Trials (2020-09-01)

Can low-dose methotrexate reduce effusion-synovitis and symptoms in patients with mid- to late-stage knee osteoarthritis? Study protocol for a randomised, double-blind, and placebo-controlled trial

  • Zhaohua Zhu,
  • Qinghong Yu,
  • Xiaomei Leng,
  • Weiyu Han,
  • Zhanguo Li,
  • Cibo Huang,
  • Jieruo Gu,
  • Yi Zhao,
  • Kang Wang,
  • Tianwang Li,
  • Yifang Mei,
  • Jianhua Xu,
  • Zhiyi Zhang,
  • David Hunter,
  • Flavia Cicuttini,
  • Xiaofeng Zeng,
  • Changhai Ding

Journal volume & issue
Vol. 21, no. 1
pp. 1 – 10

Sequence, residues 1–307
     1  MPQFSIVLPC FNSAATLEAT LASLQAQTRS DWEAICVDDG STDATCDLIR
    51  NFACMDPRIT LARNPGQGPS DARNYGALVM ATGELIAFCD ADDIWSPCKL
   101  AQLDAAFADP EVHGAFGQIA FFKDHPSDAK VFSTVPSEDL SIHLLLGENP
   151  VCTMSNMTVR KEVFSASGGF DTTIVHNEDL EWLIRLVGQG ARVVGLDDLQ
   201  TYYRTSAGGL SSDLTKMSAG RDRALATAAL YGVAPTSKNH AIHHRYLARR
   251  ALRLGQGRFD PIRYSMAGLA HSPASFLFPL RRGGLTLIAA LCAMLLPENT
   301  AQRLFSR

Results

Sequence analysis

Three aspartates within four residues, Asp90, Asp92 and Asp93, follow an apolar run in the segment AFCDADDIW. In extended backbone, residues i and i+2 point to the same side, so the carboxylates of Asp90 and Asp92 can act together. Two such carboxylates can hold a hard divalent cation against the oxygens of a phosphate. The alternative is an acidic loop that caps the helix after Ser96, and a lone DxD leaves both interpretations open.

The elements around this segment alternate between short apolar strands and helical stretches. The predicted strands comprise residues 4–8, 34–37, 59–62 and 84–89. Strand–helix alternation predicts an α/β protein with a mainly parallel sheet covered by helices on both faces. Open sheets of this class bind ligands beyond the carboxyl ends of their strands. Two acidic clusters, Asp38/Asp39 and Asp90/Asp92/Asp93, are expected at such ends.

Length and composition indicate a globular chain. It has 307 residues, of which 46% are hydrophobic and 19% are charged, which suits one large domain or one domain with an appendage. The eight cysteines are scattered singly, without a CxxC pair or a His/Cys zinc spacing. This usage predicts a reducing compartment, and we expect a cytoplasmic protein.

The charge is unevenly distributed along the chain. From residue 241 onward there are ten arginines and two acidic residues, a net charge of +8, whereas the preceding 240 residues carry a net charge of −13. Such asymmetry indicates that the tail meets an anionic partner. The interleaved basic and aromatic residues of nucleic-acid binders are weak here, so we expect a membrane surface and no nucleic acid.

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Abstract Background Osteoarthritis (OA) is a common chronic disease in older adults. Currently, there are no effective therapies to reduce disease severity and progression of knee OA (KOA), particularly in mid- to late-stages. This study aims to examine the effect of methotrexate (MTX) on knee effusion-synovitis and pain in symptomatic patients with mid- to late-stage KOA. Methods/design This protocol describes a multicentre randomised placebo-controlled clinical trial aiming to recruit 200 participants with mid- to late-stage symptomatic KOA and with effusion-synovitis grade of ≥ 2. Participants will be randomly allocated to the MTX group (start from 5 mg per week for the first 2 weeks and increase to 10 mg per week for the second 2 weeks and 15 mg per week for the remaining period if tolerated) or the placebo group. Primary outcomes are effusion-synovitis size measured by magnetic resonance imaging (MRI) and knee pain assessed by visual analogue scale (VAS). Secondary outcomes are signal intensity alteration within infrapatellar fat pad (IPFP) and Western Ontario and McMaster Universities Osteoarthritis Index (WOMAC) total score and subscores, and the Outcome Measures in Rheumatology Arthritis Clinical Trials-Osteoarthritis Research Society International (OMERACT-OARSI) responders. Both intention-to-treat and per-protocol analyses will be performed. Discussion If MTX intervention can relieve symptoms and reduce inflammation in patients with mid- to late-stage KOA, it has the potential for significant clinical and public health impact as this low-cost and commonly used intervention would delay the time to knee replacement, leading to substantial cost savings and improve quality of life. Trial registration NCT03815448 . Registered on 21 January 2019.